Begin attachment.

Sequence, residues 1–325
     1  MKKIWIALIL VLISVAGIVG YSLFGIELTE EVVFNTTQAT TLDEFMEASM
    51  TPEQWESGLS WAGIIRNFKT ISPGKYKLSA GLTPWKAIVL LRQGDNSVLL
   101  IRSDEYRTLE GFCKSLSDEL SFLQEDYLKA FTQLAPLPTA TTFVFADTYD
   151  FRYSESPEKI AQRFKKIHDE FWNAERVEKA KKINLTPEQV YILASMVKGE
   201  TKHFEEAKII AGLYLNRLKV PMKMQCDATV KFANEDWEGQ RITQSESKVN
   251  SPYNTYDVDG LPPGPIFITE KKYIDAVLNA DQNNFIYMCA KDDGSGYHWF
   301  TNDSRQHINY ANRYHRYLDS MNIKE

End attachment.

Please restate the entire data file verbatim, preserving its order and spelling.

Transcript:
Sequence, residues 1–325
     1  MKKIWIALIL VLISVAGIVG YSLFGIELTE EVVFNTTQAT TLDEFMEASM
    51  TPEQWESGLS WAGIIRNFKT ISPGKYKLSA GLTPWKAIVL LRQGDNSVLL
   101  IRSDEYRTLE GFCKSLSDEL SFLQEDYLKA FTQLAPLPTA TTFVFADTYD
   151  FRYSESPEKI AQRFKKIHDE FWNAERVEKA KKINLTPEQV YILASMVKGE
   201  TKHFEEAKII AGLYLNRLKV PMKMQCDATV KFANEDWEGQ RITQSESKVN
   251  SPYNTYDVDG LPPGPIFITE KKYIDAVLNA DQNNFIYMCA KDDGSGYHWF
   301  TNDSRQHINY ANRYHRYLDS MNIKE